If he can perform well for the Toronto Maple Leafs in the upcoming playoffs, Tyson Barrie could find himself redeemed, even if just in the eyes of fans.
When the Toronto Maple Leafs acquired defenceman Tyson Barrie from the Colorado Avalanche last summer, high expectations were immediately placed on his shoulders, especially by the fans.
Whenever a fan favourite is traded away, the players received in return will always be under increased scrutiny, but none have been as much as Barrie.
He arrived in Toronto after back-to-back 50+ points seasons, with three in his career altogether, and it was hoped he would solidify a shaky defensive corps at both ends of the ice.
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Barrie has always been an offensive-first defenceman, having 307 total points (75 goals, 232 assists) in 484 regular-season games with the Avalanche before his trade, so it was expected that he would hit the ground running with so much offensive talent on the Leafs.
This didn’t happen, with then-head coach Mike Babcock regularly forcing Barrie to play more defensively and reducing his power-play minutes dramatically, something that saw him struggle in the early days of his time with the team.
After Sheldon Keefe took the reins, things improved greatly and Barrie produced a respectable 39 total points (five goals, 34 assists) in 70 games before the season paused.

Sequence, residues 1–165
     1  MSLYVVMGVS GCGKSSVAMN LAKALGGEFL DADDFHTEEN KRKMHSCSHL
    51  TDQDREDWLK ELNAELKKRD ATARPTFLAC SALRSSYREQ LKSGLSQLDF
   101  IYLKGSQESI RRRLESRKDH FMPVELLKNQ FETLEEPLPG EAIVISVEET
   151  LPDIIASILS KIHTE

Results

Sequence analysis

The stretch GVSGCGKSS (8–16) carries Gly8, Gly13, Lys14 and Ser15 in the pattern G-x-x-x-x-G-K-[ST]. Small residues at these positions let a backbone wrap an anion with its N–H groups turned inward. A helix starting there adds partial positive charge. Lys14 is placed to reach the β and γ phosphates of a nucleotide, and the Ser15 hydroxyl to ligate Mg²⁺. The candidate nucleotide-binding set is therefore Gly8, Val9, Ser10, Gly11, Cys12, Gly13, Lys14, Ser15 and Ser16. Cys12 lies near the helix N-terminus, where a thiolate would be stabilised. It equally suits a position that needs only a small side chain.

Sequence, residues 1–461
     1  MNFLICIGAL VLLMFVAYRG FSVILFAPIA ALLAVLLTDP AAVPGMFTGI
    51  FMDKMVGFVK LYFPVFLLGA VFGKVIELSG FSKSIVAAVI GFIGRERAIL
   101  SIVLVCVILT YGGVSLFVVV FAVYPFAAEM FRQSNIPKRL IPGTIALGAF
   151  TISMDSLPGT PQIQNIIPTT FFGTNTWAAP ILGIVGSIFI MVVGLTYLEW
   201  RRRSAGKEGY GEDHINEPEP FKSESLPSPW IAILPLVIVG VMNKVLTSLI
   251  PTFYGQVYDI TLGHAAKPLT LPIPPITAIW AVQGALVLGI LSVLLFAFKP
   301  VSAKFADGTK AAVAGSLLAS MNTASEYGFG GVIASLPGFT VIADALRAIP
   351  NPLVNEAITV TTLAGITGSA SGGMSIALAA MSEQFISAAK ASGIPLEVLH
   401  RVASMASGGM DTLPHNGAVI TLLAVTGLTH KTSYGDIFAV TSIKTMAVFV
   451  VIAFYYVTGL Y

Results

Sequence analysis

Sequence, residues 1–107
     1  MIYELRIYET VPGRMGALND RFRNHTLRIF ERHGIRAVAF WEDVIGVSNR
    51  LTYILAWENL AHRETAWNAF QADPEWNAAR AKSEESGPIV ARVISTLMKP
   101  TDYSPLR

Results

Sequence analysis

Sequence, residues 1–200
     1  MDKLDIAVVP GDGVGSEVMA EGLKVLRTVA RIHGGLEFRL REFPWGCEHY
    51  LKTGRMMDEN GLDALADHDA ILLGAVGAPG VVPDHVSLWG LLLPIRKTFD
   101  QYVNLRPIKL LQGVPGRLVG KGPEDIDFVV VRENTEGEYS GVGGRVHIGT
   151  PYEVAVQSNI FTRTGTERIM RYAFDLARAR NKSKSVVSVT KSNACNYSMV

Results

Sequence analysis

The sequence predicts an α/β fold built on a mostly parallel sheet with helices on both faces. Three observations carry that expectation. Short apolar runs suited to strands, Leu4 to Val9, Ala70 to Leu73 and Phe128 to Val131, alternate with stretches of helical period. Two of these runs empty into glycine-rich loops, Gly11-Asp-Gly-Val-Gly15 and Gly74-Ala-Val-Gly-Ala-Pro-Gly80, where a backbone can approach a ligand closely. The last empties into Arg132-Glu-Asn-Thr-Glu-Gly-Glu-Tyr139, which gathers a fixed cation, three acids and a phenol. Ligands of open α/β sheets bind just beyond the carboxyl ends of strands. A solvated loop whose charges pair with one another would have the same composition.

For any other top-four defenceman, those would be extremely positive numbers, especially as he was on pace to hit 46 points in an 82-game season.
However, Barrie arrived as a result of Nazem Kadri’s departure, with Kadri being a strong fan favourite, even now.
Fans appear to be glad the team’s tight cap situation could ultimately see Barrie leave the Toronto Maple Leafs once the season’s over, but a strong performance in the playoffs could do a lot to change their opinions.
Barrie has strong offensive numbers, despite his shooting being at a career-low 3% since his arrival in Toronto.
He has a 54.2% Corsi rating, while having a 58.3% offensive zone starts, which is his lowest percentage since the 2016-17 season.
He plays consistently high minutes, averaging 21:53 this year and still has some value on the defensive side of the ice, with 76 blocked shots and 47 hits, but he does need to work on retaining possession of the puck, with a career-worst 61 giveaways this season.
When the team is doing well everyone involved is happy, and seeing a player such as Barrie perform well in the process can certainly influence opinions and could even bring fans to hope that he could somehow return to the team next year.
Barrie has performed much in the way that was expected of him, contributing heavily on offence, so it shouldn’t be such a surprise that this is what Barrie offers to the team.
Barrie is likely to command a high price in any contract negotiations, so is unlikely to return if the team isn’t able to free up some cap space, but if he did come back off the back of a strong post-season showing, he could be viewed far more positively as a result.